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Buffy the Vampire Slayer is one of the most iconic television shows to ever grace people’s screens. It was truly a trailblazer of a series, and Buffy Summers (Sarah Michelle Gellar) is the embodiment of a powerful role idol for young women and men alike. When looking back on the series, though, there’s one episode that really stands out. On a personal note, I had to put the show aside for two weeks after this one, because my mind was so blown. We’re talking about Season 6’s “Normal Again.” It turns out the ending almost became canon and connected to X-Men. Here’s how. 

Joint image: (left) Sarah Michelle Gellar as Buffy Summers in the television series, 'Buffy The Vampire Slayer,' 1998 /  (right) Cyclops, aka Scott Summers, (James Marsden) Lets Out An Optic Blast From His Visors In The Film 'X-Men' |
Sarah Michelle Gellar as Buffy Summers in the television series, ‘Buffy The Vampire Slayer,’ 1998 / Cyclops, aka Scott Summers, (James Marsden) Lets Out An Optic Blast From His Visors In The Film ‘X-Men’ | 20th Century Fox/Getty Images

The Season 6 episode “Normal Again” implied that Buffy’s whole world could all be a dream

To refresh your memory, Season 6 had a lot going on. That was the season when Buffy’s friends brought her back to life against her will after she sacrificed herself for Dawn. It’s also when Buffy and Spike get together, the musical episode happens, and Dark Willow is the Big Bad in the end. 

Normal Again” is Episode 17 and premiered in 2002. While Buffy is fighting off a demon, per usual, the monster poisons her with something that makes her have vivid, terrifying dreams. In these visions, Buffy is in a mental hospital, where the doctors and her parents (who are both alive) tell her she actually just woke up from a hallucination that she’s a vampire slayer. For six years, Buffy has imagined herself in Sunnydale, fighting vamps and demons, and that, in actuality, she’s stuck in a mental hospital. 

Now, this seems like a very powerful spell or poison, right? Nothing too out of the ordinary compared to other obstacles Buffy has faced. Except, she starts to convince herself that the hospital is the real world and her life in Sunnydale is fake. And the real kicker? Buffy chooses to save her friends in Sunnydale, rendering her hospital self comatose, for good. The ending shot is of her parents grieving over their catatonic daughter in that hospital. 

Joss Whedon almost made the X-Men’s Cyclops related to Buffy and would have confirmed Buffy was imagining the entire series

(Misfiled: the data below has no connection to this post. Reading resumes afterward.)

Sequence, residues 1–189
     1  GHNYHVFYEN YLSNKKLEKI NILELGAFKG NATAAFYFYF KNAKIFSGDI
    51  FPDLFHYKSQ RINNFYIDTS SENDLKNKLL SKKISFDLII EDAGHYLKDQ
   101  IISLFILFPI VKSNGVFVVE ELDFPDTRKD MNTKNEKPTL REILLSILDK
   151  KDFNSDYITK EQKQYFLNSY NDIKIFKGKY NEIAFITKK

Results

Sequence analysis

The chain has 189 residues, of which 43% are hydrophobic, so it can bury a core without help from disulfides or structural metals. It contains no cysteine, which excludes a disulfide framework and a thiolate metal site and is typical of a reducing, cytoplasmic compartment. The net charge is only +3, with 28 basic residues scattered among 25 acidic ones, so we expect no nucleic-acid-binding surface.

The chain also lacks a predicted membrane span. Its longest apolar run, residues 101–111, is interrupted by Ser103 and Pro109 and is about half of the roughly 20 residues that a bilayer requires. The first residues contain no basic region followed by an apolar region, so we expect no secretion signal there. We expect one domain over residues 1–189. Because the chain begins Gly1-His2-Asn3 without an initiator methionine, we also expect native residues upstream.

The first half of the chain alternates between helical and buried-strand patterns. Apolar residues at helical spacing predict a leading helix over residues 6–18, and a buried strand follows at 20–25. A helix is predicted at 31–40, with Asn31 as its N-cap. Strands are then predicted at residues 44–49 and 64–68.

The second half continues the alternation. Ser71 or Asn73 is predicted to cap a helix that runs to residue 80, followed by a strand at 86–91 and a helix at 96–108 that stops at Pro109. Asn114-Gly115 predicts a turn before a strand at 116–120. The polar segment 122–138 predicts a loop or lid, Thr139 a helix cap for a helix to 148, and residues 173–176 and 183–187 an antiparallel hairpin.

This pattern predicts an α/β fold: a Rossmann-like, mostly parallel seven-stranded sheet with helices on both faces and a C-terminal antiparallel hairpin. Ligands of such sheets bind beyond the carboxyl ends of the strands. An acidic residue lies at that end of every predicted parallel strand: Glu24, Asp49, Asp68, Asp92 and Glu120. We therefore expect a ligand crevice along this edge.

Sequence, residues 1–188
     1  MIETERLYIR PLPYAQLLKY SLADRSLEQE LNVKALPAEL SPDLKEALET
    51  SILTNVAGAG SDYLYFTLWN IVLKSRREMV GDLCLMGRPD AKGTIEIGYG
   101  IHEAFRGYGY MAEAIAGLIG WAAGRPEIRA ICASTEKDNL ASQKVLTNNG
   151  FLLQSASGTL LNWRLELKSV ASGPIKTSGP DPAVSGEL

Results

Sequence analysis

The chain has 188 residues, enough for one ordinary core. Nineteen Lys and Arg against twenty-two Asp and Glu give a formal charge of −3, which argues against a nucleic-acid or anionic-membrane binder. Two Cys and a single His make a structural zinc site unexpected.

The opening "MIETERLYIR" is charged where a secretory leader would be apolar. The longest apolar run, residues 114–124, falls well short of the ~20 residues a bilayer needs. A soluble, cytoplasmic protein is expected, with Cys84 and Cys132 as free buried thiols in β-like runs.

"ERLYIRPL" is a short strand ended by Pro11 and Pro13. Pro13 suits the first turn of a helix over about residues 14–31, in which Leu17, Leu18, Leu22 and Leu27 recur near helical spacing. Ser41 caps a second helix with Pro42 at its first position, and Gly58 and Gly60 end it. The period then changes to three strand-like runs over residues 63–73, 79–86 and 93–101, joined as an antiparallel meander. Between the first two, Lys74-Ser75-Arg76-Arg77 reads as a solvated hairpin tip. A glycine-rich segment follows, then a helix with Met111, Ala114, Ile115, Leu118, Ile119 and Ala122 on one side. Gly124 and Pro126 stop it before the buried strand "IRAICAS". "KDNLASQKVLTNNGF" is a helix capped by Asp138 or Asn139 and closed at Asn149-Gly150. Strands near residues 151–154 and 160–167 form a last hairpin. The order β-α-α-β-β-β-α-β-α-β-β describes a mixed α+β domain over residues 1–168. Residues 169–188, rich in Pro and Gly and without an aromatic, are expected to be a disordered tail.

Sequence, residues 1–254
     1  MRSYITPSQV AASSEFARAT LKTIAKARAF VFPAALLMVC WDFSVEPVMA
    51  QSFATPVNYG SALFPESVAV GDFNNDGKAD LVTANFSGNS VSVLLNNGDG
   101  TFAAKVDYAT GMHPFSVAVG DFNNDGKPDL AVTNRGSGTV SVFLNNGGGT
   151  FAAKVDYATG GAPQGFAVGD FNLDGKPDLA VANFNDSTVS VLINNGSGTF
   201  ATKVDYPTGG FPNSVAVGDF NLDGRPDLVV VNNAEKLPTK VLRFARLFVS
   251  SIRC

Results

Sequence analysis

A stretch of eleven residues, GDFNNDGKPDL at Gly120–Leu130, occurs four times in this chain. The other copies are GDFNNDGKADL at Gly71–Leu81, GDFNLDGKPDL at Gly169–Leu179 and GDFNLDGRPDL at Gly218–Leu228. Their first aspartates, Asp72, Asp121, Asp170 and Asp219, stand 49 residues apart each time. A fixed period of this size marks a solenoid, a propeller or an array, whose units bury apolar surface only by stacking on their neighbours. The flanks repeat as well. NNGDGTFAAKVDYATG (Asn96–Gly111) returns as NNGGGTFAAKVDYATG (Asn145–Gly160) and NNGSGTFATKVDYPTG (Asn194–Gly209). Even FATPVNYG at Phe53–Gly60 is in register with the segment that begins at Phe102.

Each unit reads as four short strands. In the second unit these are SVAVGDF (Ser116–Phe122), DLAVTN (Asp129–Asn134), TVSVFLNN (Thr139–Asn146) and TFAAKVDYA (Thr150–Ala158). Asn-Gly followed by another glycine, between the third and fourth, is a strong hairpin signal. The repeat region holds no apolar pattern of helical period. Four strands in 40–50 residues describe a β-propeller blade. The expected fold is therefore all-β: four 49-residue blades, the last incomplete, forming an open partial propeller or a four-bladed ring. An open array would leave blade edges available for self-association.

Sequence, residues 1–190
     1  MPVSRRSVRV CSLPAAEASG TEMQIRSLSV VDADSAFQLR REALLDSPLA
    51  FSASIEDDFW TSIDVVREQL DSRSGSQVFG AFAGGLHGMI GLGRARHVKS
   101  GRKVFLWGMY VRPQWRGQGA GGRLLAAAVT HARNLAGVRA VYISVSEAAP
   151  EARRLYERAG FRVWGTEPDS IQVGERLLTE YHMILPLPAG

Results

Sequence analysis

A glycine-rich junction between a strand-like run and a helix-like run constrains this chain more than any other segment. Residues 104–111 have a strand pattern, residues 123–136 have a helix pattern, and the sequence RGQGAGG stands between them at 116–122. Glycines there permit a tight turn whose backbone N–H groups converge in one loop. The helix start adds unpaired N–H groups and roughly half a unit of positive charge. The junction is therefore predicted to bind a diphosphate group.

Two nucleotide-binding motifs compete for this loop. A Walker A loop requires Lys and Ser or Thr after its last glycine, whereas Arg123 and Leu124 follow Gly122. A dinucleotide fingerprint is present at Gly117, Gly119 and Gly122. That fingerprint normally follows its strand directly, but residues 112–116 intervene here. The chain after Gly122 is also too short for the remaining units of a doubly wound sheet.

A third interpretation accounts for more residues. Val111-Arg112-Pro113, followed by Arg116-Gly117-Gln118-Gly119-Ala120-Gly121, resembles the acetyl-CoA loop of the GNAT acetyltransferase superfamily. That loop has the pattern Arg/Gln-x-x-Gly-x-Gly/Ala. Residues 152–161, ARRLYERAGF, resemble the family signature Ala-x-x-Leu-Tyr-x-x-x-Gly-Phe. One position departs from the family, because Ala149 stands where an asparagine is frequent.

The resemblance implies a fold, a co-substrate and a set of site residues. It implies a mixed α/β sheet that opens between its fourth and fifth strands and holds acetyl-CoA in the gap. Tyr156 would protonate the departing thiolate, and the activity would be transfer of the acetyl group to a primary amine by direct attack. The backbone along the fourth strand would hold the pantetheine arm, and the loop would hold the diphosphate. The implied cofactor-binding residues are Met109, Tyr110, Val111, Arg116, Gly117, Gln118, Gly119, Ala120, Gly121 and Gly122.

This episode is never brought up again. It’s never revealed if Buffy truly was making everything up and living inside her head throughout the series. The show also never reassures the audience that Sunnydale was the “real” choice.

While it can easily be pushed aside, it is something that can freak viewers out too. And at San Diego Comic-Con in 2013, Joss Whedon, the creator and showrunner, revealed that he intended to make it canon that Buffy was hallucinating in the hospital during the whole series. And he was going to do it in an X-Men comic.

CinemaBlend reported that Whedon, who wrote parts of the Astonishing X-Men comics, said he wanted to make Scott Summers, aka Cyclops, related to Buffy Summers. They shared the same last name, and while he wasn’t going to explicitly name her, Whedon wanted to put a reference in there where Scott has a cousin in a mental institution. Can you guess why she’s in there?

Because she thinks she’s a demon hunter. 

CinemaBlend reported that Whedon couldn’t find a way to put it in the comics. But this means fans were immensely close to getting a definitive answer to whether “Normal Again” was all a dream or not. 

In the end, Whedon left it open-ended for the audience to choose

The director for the episode, Rick Rosenthal, said in the DVD commentary that the end of the episode was meant to make viewers think. They purposely left it open so that the viewer could decide if Buffy was real or not, within the show. And Whedon has always been a big supporter of “Normal Again” never having an answer. 

How important it is in the scheme of the Buffy narrative is really up to the person watching. If they decide that the entire thing is all playing out in some crazy person’s head, well, the joke of the thing to us was it is, and that crazy person is me… Personally, I think it really happened.

Joss Whedon, The New York Times 2003

Others who worked on the show, like Marti Noxon, were more on the side of denying that Buffy’s hospital hallucinations were real. 

“It was a fake-out; we were having some fun with the audience,” Noxon said. “I don’t want to denigrate what the whole show has meant. If Buffy’s not empowered then what are we saying? If Buffy’s crazy, then there is no girl power; it’s all fantasy. And really the whole show stands for the opposite of that, which is that it isn’t just a fantasy.”

While it’s always fun to have a sort of interactive element with a show, “Normal Again” delivered the “what if” aspect so well that you truly don’t know what to believe. With the X-Men comic connection never made canon, you can just throw it aside as another demon’s trick.